Sunday, October 21, 2007

Turn Out That Fire!

I do a lot of hiking and backpacking in wilderness areas in the Southeastern USA. Mainly, I stick to the limited high country of my native South, but occasionally I will venture into low country or Piedmont wilderness areas.

One of the things that I always liked about the wilderness concept was that of “leaving no trace”. As such, these places always had rules and laws in effect that were to prevent the building of campfires. Campfires consume deadwood, create smoke, and definitely impinge on the wilderness experience for those who don’t wish to see, hear, or smell wood smoke when they’re in wilderness.

Recently, I was appalled to visit the site of a certain (asshole) wilderness writer who posted many photographs of him proudly sitting around his hideous campfires in various wilderness areas in the Southeast. Sitting so smug and arrogant and ignorant while engaging in this destructive practice of bygone days. True, I suspect that it can be a pleasant experience to sit by a campfire and stare dumbly into the flames like a moron. But there are tons of non-wilderness lands in which this can be practiced without shattering the wilderness experience for others.

For myself, I go into wilderness for solitude and to escape from the influences of Mankind (as far as I am able). I don’t want to smell wood burning, and I don’t want to see light in a place where there is not supposed to be any light beyond that cast by the moon or the stars or the bioluminescence of some wild creatures who exist there.

In past years, it was public policy that campfires were not allowed at all in any of the wilderness areas in which I hiked. Now, it seems, the rules have been reinterpreted to merely state “limit campfire impact”, which basically means nothing, save that any moron can now plunge into our wilderness areas and begin dragging deadwood and piling it up to build a stinking campfire. I suspect that such ignorant sub-normals will soon begin to chop live wood from the forests to feed such fires, as the rules that were in place have been relaxed.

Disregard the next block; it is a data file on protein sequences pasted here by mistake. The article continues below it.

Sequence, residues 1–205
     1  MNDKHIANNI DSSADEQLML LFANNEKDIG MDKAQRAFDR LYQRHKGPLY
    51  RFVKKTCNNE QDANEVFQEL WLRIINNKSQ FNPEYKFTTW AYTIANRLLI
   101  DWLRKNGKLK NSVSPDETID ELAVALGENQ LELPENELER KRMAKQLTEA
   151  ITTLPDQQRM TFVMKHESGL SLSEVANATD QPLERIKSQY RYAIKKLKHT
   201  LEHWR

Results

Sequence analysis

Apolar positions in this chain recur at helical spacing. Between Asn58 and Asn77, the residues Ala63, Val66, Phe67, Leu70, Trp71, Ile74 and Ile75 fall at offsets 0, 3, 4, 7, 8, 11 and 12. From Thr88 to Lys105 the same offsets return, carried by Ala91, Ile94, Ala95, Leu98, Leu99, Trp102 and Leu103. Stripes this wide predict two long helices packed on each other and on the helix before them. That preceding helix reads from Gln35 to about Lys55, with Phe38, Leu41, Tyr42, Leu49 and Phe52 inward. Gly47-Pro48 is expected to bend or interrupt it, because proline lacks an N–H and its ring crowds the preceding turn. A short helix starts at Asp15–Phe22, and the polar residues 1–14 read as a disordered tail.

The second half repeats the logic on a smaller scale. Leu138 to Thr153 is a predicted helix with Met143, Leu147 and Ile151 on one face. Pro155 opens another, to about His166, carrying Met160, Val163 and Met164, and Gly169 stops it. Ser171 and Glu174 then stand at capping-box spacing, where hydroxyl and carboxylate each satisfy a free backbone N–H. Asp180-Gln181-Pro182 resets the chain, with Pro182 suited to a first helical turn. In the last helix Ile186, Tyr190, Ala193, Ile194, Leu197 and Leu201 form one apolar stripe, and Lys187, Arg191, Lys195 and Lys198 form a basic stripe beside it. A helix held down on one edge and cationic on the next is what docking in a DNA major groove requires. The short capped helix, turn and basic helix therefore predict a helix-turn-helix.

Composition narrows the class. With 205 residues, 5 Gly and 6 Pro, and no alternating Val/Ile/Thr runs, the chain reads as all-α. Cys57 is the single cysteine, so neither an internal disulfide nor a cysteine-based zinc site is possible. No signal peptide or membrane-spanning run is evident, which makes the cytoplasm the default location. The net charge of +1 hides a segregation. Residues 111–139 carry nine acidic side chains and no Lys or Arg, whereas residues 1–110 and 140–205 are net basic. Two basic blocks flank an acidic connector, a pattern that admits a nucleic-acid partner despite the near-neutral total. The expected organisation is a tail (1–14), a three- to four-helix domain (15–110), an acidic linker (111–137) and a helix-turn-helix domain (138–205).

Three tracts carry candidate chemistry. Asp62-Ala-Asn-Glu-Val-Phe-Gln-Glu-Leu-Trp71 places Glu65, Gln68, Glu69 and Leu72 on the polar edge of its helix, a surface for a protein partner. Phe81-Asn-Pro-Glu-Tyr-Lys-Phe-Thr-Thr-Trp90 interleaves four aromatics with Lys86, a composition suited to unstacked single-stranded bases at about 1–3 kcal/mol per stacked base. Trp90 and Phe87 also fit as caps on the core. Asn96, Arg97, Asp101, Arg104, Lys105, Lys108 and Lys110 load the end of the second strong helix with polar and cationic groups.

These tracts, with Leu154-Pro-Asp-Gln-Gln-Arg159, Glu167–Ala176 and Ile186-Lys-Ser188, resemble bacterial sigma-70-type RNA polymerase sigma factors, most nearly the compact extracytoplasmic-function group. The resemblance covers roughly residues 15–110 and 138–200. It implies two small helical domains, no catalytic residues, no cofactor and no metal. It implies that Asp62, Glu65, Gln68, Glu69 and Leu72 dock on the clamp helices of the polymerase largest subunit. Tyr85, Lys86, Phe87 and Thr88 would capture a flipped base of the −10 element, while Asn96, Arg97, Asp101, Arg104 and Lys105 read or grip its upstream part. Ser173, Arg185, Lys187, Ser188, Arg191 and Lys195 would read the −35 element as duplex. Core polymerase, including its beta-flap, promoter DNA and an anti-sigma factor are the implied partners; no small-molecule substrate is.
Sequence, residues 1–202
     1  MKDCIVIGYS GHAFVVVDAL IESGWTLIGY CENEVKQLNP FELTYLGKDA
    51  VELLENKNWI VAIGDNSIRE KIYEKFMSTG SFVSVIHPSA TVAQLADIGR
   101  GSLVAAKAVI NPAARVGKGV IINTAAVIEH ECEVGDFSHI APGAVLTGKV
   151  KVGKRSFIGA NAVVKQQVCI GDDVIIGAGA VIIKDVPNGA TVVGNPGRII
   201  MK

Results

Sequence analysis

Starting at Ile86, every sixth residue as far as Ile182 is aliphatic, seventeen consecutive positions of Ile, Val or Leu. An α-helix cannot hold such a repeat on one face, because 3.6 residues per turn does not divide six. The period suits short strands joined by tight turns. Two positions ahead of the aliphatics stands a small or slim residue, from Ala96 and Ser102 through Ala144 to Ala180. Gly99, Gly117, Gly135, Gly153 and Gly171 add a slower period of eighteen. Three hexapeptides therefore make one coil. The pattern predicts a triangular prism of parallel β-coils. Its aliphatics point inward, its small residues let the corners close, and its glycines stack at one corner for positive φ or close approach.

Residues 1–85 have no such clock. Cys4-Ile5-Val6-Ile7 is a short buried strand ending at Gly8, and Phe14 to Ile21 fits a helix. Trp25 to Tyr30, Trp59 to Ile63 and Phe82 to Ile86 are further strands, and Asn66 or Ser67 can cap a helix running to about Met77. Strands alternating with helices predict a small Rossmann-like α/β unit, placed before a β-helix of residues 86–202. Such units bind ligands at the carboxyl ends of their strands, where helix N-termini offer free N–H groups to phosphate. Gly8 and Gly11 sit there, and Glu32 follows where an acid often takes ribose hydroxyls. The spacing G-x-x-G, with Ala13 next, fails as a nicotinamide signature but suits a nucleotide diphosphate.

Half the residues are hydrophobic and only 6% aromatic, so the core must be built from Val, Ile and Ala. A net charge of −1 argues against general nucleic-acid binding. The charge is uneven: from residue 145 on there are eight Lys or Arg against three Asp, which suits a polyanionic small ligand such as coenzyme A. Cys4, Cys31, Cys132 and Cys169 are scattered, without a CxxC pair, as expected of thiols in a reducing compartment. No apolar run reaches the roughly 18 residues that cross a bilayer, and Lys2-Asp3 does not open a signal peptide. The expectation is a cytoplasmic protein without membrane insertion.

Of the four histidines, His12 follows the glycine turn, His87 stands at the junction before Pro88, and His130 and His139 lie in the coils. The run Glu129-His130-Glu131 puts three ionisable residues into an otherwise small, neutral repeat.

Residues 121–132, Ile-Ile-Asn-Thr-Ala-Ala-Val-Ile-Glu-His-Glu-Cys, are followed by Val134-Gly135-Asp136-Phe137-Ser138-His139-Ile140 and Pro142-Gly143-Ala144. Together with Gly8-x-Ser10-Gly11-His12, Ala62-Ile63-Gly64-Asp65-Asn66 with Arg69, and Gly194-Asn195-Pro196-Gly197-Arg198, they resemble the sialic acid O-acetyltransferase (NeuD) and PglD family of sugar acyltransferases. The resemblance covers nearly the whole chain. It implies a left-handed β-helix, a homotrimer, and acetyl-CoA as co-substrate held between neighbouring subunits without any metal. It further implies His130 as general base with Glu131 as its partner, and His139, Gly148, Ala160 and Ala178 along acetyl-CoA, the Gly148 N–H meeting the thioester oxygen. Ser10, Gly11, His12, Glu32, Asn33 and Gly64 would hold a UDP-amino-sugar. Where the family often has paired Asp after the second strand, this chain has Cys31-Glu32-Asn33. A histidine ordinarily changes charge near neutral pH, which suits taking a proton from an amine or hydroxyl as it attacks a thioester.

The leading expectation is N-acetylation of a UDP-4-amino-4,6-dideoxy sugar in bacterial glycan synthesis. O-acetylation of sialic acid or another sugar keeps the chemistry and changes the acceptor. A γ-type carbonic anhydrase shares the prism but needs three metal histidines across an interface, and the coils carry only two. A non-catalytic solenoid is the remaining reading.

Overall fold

Alas, the wild places are dwindling fast. Soon, they will be ruined. I have resigned myself to this very sad fact and have been doing my best to see as much of it as I can before it succumbs to the destruction we’re bringing upon it.

However, if you’re going into wilderness, do it a favor: don’t build any goddamned campfires. And don’t take your dog with you—they spread diseases against which much wildlife has no defense. Just hike in and observe it and try to leave no fucking trace of your passing. I would ask you to destroy the traces of past fire rings, but I fear this would just encourage the idiots who follow you to create newer fire rings.

Basically…please don’t be a rude, arrogant, fire-building moron.

Wilderness campsite: no campfire!


Mark Martin said...

Hey, go back to jabberous now for new link to that WHAT THE #%#@!?!?

I hate to tell you this, but just by BEing in the wilderness you are impacting it. Your human smell, your tent, your urine -

I suppose you don't leave any "impact" that other seekers who go there after you will detect, but you're probably upsetting the little critters.

And that's cool, I'm sure they'll get over it. I'm just saying... You know, don't be so negative about other people. It's not like they're bulldozing if they have a little campfire.

What if some guy (or gal) just happens to be out there, just sitting and BEing, quietly, trying to get away from dumbass people...

and YOU come walking up! With your noisy feet and your breathing and your "oh, hey, didn't see you there" - ???


You can't win.

HemlockMan said...

"I hate to tell you this, but just by BEing in the wilderness you are impacting it. Your human smell, your tent, your urine "

Oh that's a new one! I hadn't heard that before!!!!

There's a "leave no trace" ethic to the establishment of wilderness. A carbonized mass of burnt wood isn't "leaving no trace".

Mark Martin said...

I'm not very good at cheering people up. But I'll try again.

Lightning is perfectly natural and leaves huge masses of carbonized burnt wood in its wake. I hear it's actually good for the forest - or it CAN be.

Hey, I hate urban sprawl and the loss of nature too. I'm just trying to say "Don't sweat the small stuff."

Fuckin developers! Fuckin "housing market indicators"! Fuckin Woodstock! Go Buddhist, aggressive achievers!

HemlockMan said...

Until the wilderness rules were recently changed by the RepubliKKKan administration, campfires weren't even allowed in the wilderness areas I generally use. Now they are, which goes against the "leave no trace" ethic for which these wildernesses were established.

Humans control campfires. Lightning strikes are part of the natural way of things.

At any rate, I find myself bushwhacking more and more which takes me off trail and where I don't encounter people (and their fires and their pets).